Chances are your kids play video games, or someday they will. They will play for hours on end, if you allow it. You might worry about the time they spend with a controller in hand. You might wonder, are these games warping my children?
That depends. Video games can have many benefits, and many drawbacks.
“There are a lot of complexities, depending on the age of the child and the type of games. The content is very important, and how much they play is very important.”
First, let’s go to the good.
Games such as Minecraft can benefit kids in several ways. Through these brain games they learn problem solving, strategizing, flexibility and also social skills, Dr. Bilge-Johnson said.
“It engages the complex thinking system in a child’s brain that may actually help them think critically and also may help them deal with frustration,” she said. “Socially, kids learn together, experience together, share ideas and solutions, and communicate about how to deal with things differently.”
Many games also help improve hand-eye coordination, and active games get your kids moving. And physical activity-oriented games aren’t just good for the body – movement also benefits the brain and helps reduce stress and anxiety, Dr. Bilge-Johnson said.
“Also, if the content is pro-social – helping or doing something good – we know that has a positive effect on the brain structure,” she said.
On the flip side, too much video gaming can have negative consequences. Video game addiction is recognized as a psychological disorder. It impacts sleep, academic performance, listening and reasoning ability, and social skills.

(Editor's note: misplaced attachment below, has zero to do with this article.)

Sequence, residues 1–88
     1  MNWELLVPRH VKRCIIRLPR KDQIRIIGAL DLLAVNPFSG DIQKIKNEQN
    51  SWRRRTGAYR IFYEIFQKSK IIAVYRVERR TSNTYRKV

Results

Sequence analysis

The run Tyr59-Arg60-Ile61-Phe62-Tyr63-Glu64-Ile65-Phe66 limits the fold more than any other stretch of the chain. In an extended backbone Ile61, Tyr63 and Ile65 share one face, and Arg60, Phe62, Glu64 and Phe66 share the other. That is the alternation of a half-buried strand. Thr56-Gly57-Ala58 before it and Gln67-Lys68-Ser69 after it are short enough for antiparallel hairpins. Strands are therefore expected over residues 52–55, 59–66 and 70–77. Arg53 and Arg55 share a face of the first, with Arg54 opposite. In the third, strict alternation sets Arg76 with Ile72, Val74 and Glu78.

Some research also shows violent games such as Call of Duty and Mortal Kombat can trigger aggression in younger kids, Dr. Bilge-Johnson said. Violent games have been shown to actually shrink the hippocampus, the part of the brain associated with memory and emotions. They desensitize kids to violence.
Young kids should not be exposed to violent games, she said. For all kids, video games should be limited to 1 hour a day during the week and up to 2 hours on weekends. Parents need to know the content.
A 2014 study of children ages 10-15 found in some cases video games are beneficial. But benefits turn into negatives for the heaviest users.
You should establish limits for kids, both in time spent gaming and the content, Dr. Bilge-Johnson said. She also suggested that for some parents, playing video games with your kids could be a way to connect with them. “Parents should know what the kids are playing, and they can play, too. It’s a chance for you to have conversations and to think together. It can be a bonding time,” she said.